Taqwa does not really mean “fear of Allah,” as some popular definitions state. Instead it means being aware of God and all His Attributes. It means being aware that God is All-Knowing, All-Seeing.

The bottom line is it means having an awareness of God’s power and respecting that power.

Read the rest of this entry →

Tags: ,


01 2011

Dunya: Is this a Love-Hate Relationship

[src] www.inquisitr.comOccasionally when you pass by a toy store, you might see a few kids longingly staring at the window display. They will let go of their mother’s hand and just stand there. They might even be so engrossed in the shine and color of a particular toy that no matter how much you call their name, they will not respond. The beauty of this is that no matter how stubborn that child is in letting go of their mother’s hand, after a while, the mother always comes back to take their child’s hand.

Many of us are like little children in that we have lost ourselves by staring at the glitters of the dunya. It’s been years we have let go of God’s hand, never realizing how lost we are; and yet He always comes back to get us …

This dunya is nothing but a toy that we keep occupying ourselves with. When its glitter ends, only then will we realize that all of this was a childish game.

“What is the life of this world but amusement and play? But verily, the Home in the Hereafter, that is life indeed, if they but knew. “ [1]

What is the dunya exactly and what part of it is reproached in Islam?
Read the rest of this entry →



01 2011

Neurotheology: Bridging the Divide between Science and Faith

Personal accounts and anecdotes of spiritual experiences have become topics of fascination and interest for many years now. Many people describe such events as profound “experiences” or “feelings” that are immeasurable. Some argue these experiences are just concoctions or infatuations, while others contend that they are real depending on their personal or religious beliefs. Now, with the advent of state of the art technology, scientists are able to quantify spirituality.

Dr. Andrew Newberg, a neuroscientist professor and author at the University of Pennsylvania, is currently conducting studies that track how the human brain processes religion and spirituality. It’s all part of new field called neurotheology, which explores the relationship between the brain and religious experience. According to a recent featured story, Newberg has developed a way to measure the differences of brain activity and imagery during a spiritual experience.  He scanned the brains of praying nuns, chanting Sikhs and meditating Buddhists.

“We evaluate what’s happening in people’s brains when they are in a deep spiritual practice like meditation or prayer,” Newberg says.

He and his team then compare that information with the same brains in a state of rest.

“This has really given us a remarkable window into what it means for people to be religious or spiritual or to do these kinds of practices.”

His most recent work, Principles of Neurotheology, tries to lay the groundwork for a new kind of scientific and theological dialogue. Read the rest of this entry →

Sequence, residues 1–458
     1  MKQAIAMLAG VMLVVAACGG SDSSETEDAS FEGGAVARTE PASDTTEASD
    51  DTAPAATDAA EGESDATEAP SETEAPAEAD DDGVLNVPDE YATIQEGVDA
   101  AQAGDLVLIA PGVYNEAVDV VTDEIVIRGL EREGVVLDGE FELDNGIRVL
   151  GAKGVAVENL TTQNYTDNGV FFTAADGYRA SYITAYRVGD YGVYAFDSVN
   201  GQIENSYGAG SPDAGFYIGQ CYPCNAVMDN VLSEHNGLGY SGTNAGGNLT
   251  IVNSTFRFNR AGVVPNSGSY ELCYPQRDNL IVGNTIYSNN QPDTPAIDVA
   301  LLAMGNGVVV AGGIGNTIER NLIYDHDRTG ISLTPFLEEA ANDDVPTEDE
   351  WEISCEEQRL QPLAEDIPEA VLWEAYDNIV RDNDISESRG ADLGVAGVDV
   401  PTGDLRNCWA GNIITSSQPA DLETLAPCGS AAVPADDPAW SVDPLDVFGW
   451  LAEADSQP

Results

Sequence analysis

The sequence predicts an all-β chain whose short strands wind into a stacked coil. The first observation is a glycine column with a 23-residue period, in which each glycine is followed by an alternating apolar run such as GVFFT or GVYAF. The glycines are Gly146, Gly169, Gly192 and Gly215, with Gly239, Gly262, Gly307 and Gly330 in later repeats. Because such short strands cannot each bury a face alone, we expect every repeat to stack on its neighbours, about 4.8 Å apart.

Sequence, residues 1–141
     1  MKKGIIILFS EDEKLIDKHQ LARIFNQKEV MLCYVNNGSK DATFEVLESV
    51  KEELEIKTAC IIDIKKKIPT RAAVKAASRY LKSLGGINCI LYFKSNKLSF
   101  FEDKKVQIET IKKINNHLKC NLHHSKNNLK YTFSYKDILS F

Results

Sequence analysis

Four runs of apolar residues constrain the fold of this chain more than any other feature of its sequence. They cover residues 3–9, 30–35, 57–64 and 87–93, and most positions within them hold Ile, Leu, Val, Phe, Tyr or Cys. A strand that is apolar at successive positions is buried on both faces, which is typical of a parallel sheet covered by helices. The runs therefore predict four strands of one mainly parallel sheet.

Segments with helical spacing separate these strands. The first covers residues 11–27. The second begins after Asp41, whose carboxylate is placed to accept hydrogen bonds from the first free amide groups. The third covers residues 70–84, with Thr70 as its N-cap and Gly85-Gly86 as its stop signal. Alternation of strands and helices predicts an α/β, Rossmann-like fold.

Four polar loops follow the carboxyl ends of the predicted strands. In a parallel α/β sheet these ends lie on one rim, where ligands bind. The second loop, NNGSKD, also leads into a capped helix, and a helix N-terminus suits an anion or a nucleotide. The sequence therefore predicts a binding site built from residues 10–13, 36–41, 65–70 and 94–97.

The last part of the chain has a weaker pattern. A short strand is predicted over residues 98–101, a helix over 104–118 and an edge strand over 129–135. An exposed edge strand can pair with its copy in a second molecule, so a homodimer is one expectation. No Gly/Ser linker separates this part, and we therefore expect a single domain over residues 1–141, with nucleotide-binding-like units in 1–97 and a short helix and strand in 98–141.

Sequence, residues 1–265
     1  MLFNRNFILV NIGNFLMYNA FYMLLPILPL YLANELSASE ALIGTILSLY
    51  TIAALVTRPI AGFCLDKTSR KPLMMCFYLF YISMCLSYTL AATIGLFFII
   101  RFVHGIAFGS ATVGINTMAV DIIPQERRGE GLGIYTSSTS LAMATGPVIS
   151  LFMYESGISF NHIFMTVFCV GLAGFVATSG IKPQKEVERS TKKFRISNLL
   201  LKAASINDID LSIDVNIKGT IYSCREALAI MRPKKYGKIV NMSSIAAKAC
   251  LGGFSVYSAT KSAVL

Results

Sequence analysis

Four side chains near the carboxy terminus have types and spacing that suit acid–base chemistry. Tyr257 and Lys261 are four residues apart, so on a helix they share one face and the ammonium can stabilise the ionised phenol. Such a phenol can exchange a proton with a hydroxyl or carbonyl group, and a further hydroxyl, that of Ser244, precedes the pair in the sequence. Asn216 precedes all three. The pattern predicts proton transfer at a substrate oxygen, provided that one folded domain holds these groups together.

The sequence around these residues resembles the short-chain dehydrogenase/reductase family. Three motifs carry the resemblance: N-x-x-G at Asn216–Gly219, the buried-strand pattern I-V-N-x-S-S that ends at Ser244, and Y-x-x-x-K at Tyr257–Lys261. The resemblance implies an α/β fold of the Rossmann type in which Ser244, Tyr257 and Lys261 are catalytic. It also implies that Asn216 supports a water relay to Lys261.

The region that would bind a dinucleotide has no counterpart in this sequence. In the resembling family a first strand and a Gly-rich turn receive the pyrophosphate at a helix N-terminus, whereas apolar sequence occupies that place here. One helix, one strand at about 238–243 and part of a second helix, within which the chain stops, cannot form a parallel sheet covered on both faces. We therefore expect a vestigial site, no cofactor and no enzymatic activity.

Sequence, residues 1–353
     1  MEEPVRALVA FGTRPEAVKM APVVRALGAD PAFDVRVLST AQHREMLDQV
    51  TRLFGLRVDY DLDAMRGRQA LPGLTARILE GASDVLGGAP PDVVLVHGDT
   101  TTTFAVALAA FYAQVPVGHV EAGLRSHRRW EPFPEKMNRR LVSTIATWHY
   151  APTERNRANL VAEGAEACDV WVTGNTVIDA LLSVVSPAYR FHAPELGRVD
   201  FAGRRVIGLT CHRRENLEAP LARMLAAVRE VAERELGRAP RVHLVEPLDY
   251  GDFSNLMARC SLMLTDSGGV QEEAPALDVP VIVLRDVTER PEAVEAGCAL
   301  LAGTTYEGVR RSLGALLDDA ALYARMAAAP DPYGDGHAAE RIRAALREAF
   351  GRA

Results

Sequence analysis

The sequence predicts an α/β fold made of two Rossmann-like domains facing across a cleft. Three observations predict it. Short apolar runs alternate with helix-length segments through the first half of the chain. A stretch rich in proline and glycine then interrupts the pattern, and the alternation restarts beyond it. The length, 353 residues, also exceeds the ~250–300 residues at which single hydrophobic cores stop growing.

01 2011

Muhammad: A Revolutionary Prophet

A revolution is “the overthrow of an established government by those formerly under its authority” [1] It may also refer to a “great change in a condition”[2]. The American Revolution is dubbed as such because it broke off from the monarchical political system and established a brand new governmental foundation for the colonial states based on a new set of values garnered from the Enlightenment period of thinking. A revolutionary is an individual who is involved in that radical change.

The prophet of Islam, Muhammad ibn Abdullah, was a revolutionary. The Prophet Muhammad brought forth a new basis for life in its major spheres— religious, social and political. As in any society there is overlap between these facets of life. In pre-Islamic Makkah the head tribe, the tribe known as Quraysh, gained much of its wealth from the tribes that would make pilgrimage to Makkah which was an important holy site for the polytheistic religions of the nomadic Arabs. The Arabs “worshipped spirits associated with natural features such as stones and trees”[3] as well as other sculpted idols. When the Prophet brought about the most important aspect of Islam, Tawhid (Uniqueness and Unity of God), this very basic (though foundational) principle immediately challenged the existing religious order because it disavowed and rebuked the worship of other tribal idols. Tawhid is illustrated in the 112th chapter of the Qur’an.

The Makkan elite “saw him as a revolutionary leader espousing an ideological message that threatened their social, economic, and political dominance.”[4] Eventually, Muhammad would enter Makkah and approach the Ka’ba to “purify it by smashing the polytheistic idols”[5] which represents a sort of capstone of the physical manifestation of his religious revolution in terms of its theological tenets.

Read the rest of this entry →



01 2011